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Page 20

The Shades, in brief, were an abode of discredited gods and unlicensed thieves, ladies of the night and peddlers in exotic goods, alchemists of the mind and strolling mummers; in short, all the grease on civilization's axle.

And yet, despite the fact that these people tend to appreciate the soft magics, there was a remarkable shortage of witches. Within hours the news of Granny's arrival had seeped through the quarter and a stream of people crept, sidled or strutted towards her door, seeking potions and charms and news of the future and various personal and specialised services that witches traditionally provide for those whose lives are a little clouded or full of stormy weather.

She was at first annoyed, and then embarrassed, and then flattered; her clients had money, which was useful, but they also paid in respect, and that was a rock-hard currency.

In short, Granny was even wondering about the possibility of acquiring slightly larger premises with a bit of garden and sending for her goats. The smell might be a problem, but the goats would just have to put up with it.

They had visited the sights of Ankh-Morpork, its crowded docks, its many bridges, its souks, its casbahs, its streets lined with nothing but temples. Granny had counted the temples with a thoughtful look in her eyes; gods were always demanding that their followers acted other than according to their true natures, and the human fallout this caused made plenty of work for witches.

The terrors of civilisation had so far failed to materialise, although a cutpurse had tried to make off with Granny's handbag. To the amazement of passers-by Granny called him back, and back he came, fighting his feet which had totally ceased to obey him. No one quite saw what happened to her eyes when she stared into his face or heard the words she whispered in his cowering ear, but he gave her back all her money plus quite a lot of money belonging to other people, and before she let him go had promised to have a shave, stand up straight, and be a better person for the rest of his life. By nightfall Granny's description was circulated to all the chapter houses of the Guild of Thieves, Cutpurses, Housebreakers and Allied Trades[1], with strict instructions to avoid her at all costs.

Thieves, being largely creatures of the night themselves, know trouble when it stares them in the face.

Granny had also written two more letters to the University. There had been no reply.

“I liked the forest best,” said Esk.

“I dunno,” said Granny. “This is a bit like the forest, really. Anyway, people certainly appreciate a witch here.”

“They're very friendly,” Esk conceded. “You know the house down the street, where that fat lady lives with all those young ladies you said were her relatives?”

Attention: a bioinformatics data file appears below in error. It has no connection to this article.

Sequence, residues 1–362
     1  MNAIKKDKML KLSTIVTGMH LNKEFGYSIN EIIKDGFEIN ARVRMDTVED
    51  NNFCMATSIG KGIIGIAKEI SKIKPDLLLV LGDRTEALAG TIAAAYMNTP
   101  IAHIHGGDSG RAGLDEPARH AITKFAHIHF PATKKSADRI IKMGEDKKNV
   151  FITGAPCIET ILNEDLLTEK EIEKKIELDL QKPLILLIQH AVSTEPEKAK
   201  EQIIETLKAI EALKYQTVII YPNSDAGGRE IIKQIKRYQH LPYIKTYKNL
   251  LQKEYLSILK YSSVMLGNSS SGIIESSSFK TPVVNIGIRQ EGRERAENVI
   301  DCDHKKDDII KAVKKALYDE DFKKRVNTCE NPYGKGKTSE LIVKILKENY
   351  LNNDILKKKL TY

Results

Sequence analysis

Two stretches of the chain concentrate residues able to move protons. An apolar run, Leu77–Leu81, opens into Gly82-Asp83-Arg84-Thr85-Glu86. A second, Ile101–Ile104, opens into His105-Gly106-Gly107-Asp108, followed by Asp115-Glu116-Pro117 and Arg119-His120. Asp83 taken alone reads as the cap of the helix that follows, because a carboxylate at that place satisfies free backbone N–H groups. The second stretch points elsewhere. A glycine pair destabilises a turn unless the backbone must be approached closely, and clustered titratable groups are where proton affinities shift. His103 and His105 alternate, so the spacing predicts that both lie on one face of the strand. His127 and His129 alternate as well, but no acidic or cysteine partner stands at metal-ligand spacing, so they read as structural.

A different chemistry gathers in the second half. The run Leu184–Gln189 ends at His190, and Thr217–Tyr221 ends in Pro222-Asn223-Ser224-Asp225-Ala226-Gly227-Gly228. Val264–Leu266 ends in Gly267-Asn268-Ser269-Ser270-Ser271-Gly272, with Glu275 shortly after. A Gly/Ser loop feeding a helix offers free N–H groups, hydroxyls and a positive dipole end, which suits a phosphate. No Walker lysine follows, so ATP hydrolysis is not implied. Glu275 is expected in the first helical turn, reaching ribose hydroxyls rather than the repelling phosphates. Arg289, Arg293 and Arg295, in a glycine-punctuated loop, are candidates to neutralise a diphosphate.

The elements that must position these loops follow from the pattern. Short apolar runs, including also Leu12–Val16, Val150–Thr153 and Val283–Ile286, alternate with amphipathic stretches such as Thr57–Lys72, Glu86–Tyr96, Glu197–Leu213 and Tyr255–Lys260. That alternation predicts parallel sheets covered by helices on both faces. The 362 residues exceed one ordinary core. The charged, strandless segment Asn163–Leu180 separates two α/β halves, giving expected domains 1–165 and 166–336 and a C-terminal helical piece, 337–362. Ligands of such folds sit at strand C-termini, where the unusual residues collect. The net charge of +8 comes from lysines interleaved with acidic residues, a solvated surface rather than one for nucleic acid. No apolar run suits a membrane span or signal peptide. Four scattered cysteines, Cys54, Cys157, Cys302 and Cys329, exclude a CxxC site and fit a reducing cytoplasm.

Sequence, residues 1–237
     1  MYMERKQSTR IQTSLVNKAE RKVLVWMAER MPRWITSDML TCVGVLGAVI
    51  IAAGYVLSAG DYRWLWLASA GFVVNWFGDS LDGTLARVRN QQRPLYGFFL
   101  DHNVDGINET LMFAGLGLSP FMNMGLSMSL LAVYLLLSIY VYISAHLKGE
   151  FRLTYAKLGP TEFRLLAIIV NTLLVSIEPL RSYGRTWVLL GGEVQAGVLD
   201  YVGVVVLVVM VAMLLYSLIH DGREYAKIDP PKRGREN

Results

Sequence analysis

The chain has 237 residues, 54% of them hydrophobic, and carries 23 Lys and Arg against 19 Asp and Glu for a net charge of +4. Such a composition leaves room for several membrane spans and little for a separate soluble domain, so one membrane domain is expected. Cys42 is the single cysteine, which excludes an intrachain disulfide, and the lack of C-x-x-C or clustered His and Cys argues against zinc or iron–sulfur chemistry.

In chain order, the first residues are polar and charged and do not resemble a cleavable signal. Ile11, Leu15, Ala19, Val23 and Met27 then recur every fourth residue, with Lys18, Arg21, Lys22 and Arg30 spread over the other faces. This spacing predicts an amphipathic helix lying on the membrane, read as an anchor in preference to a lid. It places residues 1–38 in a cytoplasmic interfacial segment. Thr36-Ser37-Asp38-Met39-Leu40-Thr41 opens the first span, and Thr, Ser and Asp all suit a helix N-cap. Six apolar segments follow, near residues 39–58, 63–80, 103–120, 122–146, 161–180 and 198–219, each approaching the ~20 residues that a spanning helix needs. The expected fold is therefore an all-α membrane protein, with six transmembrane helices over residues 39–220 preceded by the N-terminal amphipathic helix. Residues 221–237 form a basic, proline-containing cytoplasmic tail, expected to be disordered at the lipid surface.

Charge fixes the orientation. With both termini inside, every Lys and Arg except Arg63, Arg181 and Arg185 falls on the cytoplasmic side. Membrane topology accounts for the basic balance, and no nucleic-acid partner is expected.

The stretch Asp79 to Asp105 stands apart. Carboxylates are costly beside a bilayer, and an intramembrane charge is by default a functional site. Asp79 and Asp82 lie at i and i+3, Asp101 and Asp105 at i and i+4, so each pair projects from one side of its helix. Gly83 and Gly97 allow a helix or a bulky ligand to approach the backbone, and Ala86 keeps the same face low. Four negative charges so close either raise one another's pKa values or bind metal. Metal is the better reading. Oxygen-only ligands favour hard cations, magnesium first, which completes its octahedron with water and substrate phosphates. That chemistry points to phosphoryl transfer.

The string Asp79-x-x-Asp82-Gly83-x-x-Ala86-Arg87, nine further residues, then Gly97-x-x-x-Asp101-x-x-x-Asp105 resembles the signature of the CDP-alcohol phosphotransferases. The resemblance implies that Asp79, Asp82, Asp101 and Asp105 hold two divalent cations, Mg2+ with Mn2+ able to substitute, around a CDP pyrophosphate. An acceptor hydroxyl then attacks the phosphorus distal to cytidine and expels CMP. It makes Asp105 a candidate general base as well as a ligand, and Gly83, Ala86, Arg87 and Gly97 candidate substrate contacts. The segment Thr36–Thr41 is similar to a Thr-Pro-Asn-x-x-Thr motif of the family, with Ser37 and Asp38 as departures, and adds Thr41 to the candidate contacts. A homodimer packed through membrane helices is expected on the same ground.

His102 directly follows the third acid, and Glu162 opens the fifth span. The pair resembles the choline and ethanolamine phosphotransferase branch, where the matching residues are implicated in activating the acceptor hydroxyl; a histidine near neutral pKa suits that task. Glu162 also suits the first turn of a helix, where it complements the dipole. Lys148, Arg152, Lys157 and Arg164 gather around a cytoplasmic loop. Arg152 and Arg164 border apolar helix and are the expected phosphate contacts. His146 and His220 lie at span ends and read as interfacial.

A very respectable body which in fact represented the major law enforcement agency in the city. The reason for this is as follows: the Guild was given an annual quota which represented a socially acceptable level of thefts, muggings and assassinations, and in return saw to it in very definite and final ways that unofficial crime was not only rapidly stamped out but knifed, garrotted, dismembered and left around the city in an assortment of paper bags as well. This was held to be a cheap and enlightened arrangement, except by those malcontents who were actually mugged or assassinated and refused to see it as their social duty, and it enabled the city's thieves to plan a decent career structure, entrance examinations and codes of conduct similar to those adopted by the city's other professions- which, the gap not being very wide in any case, they rapidly came to resemble.

“Mrs Palm,” said Granny cautiously. “Very respectable lady.”

“People come to visit them all night long. I watched. I'm surprised they get any sleep.”

“Um,” said Granny.

“It must be a trial for the poor woman with all those daughters to feed, too. I think people could be more considerate.”

“Well now,” said Granny, “I'm not sure that -”

She was rescued by the arrival at the gates of the University of a large, brightly painted wagon. Its driver reined in the oxen a few feet from Granny and said: “Excuse me, my good woman, but would you be so kind as to move, please?”

Granny stepped aside, affronted by this display of downright politeness and particularly upset at being thought of as anyone's good woman, and the driver saw Esk.

It was Treatle. He grinned like a worried snake.

“I say. It's the young lady who thinks women should be wizards, isn't it?”

“Yes,” said Esk, ignoring a sharp kick on the ankle from Granny.

“What fun. Come to join us, have you?”

“Yes,” said Esk, and then because something about Treatle's manner seemed to demand it, she added, “sir. Only we can't get in.”

“We?” said Treatle, and then glanced at Granny, “Oh, yes, of course. This would be your aunt?”

“My granny. Only not really my granny, just sort of everyone's granny.”

Granny gave a stiff nod.

“Well, we cannot have this,” said Treatle, in a voice as hearty as a plum pudding. “My word, no. Our first lady wizard left on the doorstep? That would be a disgrace. May I accompany you?”

Granny grasped Esk firmly by the shoulder.

“If it's all the same to you -”she began. But Esk twisted out of her grip and ran towards the cart.

“You can really take me in?” she said, her eyes shining.

“Of course. I am sure the heads of the Orders will be most gratified to meet you. Most astonished and astounded,” he said, and gave a little laugh.

“Eskarina Smith -” said Granny, and then stopped. She looked at Treatle.